A recent posting on social media kicked off some discussion about infinite gain preamplifiers, mostly in the context of an unloaded very short vertical.

Over the past couple of years I’ve had a number of comments and questions about active antennas, instigated by my ARRL book, Receiving Antennas for the Radio Amateur.

The “main ingredient” of an active antenna (in this discussion, we’ll center on the very short WHIP), is the preamplifier, which generally takes the form of an FET source follower.

A true source follower (or ideal cathode follower) is theoretically capable of INFINITE power gain). In practice, modern FET input op-amps have an input resistance on the order of a teraohm or so, and an input capacitance of about a picofarad.

Although we can’t QUITE get to infinite power gain with a real FET (or FET input op amp), we can get EXTREMELY high power gains. Assuming an output (source) resistance of 1Kohm and an input resistance of 1 teraohm, a voltage follower will have a power gain of 10^21:1…..not too shabby. (This is assuming essentially a DC signal, where the input parallel capacitance can be ignored).

At this point in time, there has been no mention of noise… but it is key to the problem.

Let’s consider the case of a low noise preamplifier (assume Noise Figure 1dB) used ahead of a receiver with Noise Figure 6dB. We can calculate the system Noise Figure, ie the cascade of the two elements, vs preamplifier gain.

It is easier to solve this problem by working in equivalent Noise Temperatures, \(T_s=T_1+T_2/G_1\). So converting the two Noise Figures to Noise Temperatures, we can calculate system Noise Temperature vs preamplifier Gain and plot it.

Above is a plot of system Noise Temperature vs preamplifier Gain, also shown on the right hand axis is the system Noise Figure.

For this scenario, there is a significant improvement in Ts and NFs as Gain increases… up to about 20dB, after which further increase in Gain makes very little difference.

Above, zooming in on the results, the behavior is very clear. Note that it is dependent on the scenario, and the plot will be different for different scenarios.

We do not need to consider the antenna gain to find this point of diminishing returns of Ts and NFs vs preamplifier gain, and to show that for this scenario, a Gain of 20dB or 100 is sufficient to have achieved most of the benefit of a preamplifier with NF=1dB.

The bigger question is whether that system Noise Figure or Noise Temperature is ‘sufficient’ for a specific application.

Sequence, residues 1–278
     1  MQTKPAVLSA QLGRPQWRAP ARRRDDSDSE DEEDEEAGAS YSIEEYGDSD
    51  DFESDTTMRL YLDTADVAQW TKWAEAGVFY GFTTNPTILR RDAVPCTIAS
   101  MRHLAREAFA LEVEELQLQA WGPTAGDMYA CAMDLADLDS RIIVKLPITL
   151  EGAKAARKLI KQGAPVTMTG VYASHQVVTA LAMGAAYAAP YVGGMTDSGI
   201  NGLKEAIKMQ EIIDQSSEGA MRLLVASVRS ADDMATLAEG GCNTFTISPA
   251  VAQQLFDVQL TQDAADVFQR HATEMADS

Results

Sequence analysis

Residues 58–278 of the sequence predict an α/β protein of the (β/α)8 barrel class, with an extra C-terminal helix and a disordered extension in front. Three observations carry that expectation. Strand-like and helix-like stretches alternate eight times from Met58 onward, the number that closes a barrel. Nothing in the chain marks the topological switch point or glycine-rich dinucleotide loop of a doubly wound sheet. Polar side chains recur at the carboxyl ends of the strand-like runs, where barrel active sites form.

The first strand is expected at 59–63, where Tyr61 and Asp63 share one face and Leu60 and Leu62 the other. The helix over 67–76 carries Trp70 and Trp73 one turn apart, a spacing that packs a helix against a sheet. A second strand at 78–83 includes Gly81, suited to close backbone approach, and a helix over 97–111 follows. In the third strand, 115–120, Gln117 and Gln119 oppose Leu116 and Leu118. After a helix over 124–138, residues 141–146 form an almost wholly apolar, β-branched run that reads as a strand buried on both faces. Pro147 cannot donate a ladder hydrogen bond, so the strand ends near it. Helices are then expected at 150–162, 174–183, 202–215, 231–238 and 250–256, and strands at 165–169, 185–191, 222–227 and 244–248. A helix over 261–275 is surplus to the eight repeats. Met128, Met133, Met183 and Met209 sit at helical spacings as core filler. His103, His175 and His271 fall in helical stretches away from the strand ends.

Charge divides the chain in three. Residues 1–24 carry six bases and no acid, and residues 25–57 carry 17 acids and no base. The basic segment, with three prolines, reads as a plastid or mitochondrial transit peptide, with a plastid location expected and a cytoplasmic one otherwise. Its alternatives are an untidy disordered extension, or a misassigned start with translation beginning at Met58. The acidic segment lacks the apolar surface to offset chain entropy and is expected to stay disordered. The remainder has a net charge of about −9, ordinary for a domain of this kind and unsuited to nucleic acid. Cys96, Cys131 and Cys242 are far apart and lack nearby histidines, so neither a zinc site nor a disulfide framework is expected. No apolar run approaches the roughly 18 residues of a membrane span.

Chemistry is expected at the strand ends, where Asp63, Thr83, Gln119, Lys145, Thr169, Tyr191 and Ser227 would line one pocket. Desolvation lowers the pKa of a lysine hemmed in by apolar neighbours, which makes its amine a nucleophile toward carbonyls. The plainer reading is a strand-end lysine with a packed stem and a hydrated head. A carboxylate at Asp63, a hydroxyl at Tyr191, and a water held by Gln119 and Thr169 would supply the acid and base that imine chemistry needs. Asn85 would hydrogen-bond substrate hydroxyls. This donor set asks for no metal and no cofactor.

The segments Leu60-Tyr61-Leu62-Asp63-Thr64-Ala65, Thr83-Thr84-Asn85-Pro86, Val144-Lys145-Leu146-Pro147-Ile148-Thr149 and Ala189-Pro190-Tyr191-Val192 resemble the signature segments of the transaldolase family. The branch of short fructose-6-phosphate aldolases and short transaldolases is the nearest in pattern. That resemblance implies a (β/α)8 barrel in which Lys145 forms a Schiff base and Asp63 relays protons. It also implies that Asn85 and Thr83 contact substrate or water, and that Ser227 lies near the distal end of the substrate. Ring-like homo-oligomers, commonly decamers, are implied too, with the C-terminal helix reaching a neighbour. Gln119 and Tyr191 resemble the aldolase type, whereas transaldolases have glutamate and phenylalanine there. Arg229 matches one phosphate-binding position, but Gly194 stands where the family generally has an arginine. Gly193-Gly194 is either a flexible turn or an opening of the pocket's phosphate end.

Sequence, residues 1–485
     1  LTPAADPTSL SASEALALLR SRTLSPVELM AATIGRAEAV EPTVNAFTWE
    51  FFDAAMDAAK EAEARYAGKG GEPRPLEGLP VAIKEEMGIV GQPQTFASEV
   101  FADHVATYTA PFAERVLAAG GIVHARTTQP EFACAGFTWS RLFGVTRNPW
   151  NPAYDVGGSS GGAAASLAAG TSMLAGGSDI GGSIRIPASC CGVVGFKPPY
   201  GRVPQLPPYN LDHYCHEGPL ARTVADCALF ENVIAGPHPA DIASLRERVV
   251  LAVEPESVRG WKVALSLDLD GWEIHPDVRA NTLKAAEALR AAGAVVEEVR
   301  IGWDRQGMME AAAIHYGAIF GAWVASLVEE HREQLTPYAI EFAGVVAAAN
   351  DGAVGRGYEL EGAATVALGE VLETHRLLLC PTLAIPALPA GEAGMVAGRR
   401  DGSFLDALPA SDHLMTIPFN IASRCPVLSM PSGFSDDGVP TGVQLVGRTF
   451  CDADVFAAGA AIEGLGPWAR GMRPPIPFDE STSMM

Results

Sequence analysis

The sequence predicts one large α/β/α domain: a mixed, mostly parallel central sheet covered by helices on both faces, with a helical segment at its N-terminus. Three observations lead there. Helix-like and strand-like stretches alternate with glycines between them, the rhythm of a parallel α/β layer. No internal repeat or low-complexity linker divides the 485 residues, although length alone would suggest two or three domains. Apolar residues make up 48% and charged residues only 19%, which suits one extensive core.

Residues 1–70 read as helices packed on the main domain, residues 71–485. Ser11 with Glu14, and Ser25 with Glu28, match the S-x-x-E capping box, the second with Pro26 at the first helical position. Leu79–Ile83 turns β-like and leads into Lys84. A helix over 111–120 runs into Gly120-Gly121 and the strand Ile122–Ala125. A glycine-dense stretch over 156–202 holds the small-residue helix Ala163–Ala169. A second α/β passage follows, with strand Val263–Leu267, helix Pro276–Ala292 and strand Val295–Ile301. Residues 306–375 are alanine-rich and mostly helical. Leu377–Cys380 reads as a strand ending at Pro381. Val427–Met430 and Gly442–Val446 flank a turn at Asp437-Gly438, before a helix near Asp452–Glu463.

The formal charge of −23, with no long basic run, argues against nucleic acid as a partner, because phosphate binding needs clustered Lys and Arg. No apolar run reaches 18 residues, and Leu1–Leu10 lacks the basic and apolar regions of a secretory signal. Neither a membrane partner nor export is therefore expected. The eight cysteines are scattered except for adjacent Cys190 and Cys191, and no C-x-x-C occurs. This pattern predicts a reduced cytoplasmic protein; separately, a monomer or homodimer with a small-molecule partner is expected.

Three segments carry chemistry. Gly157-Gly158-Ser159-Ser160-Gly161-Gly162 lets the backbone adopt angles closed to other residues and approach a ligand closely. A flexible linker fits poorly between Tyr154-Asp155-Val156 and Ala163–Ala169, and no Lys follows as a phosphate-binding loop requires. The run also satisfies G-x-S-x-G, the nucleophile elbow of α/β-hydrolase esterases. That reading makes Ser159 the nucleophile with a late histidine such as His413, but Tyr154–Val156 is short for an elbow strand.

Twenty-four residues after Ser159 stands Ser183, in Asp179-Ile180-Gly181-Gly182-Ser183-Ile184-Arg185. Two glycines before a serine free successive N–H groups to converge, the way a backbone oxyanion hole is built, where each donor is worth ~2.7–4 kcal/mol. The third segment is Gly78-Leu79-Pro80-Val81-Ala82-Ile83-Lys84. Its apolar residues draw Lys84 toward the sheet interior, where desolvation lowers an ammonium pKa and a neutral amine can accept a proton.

Again, it is easier to work in equivalent Noise Temperature.

Consider a scenario of an antenna system, with gain -30dB (or 1/1000) at 3.5MHz. ITU P.372 suggests the expected external or ambient noise is 47350000K, and with an antenna system gain of 1/1000, the noise power presented to the preamplifier is \({T_e}^{\prime}=\frac{47350000}{1000}=47350 \text{ K}\).

A useful metric in system design is the extent to which the external S/N is degraded by the receiver system, I will call it Signal to Noise Degradation (SND).

\(SND=10 log\frac{\frac{S_{ext}}{N_{ext}}}{\frac{S_{ext}}{N_{int}+N_{ext}}}\)Simplifying this by dividing top and bottom by \(S_{ext}\) we get

\(SND=10 log\frac{N_{int}+N_{ext}}{N_{ext}}\).

So, SND gives us a metric that simply depends on the external noise and the receiver internal noise, a quantitative measure of the system in an application context.

Let’s take the system Noise Temperature with the above scenario and 20dB of preamplifier gain to be 84K, we can calculate SND due to receiver system internal noise to be \(SND=10 log\frac{N_{int}+N_{ext}}{N_{ext}}=10 log\frac{84+47350}{47350}=0.08 \text{dB}\).

So, in this scenario, the receive system equivalent noise temperature is so low that there is only a 0.08dB degradation in the off-air S/N ratio.

You might see that a system Noise Temperature of 5000K (NFs=12dB) is not going to degrade S/N much (<0.5dB).

## Caveats

But here is the problem…

The methods presented here apply to linear systems, they do not capture the effects of non-linear behavior such as IMD noise.

It is easy to build a preamplifier with high gain, harder to build one with low noise, and even harder to build a broadband one with very load IMD noise.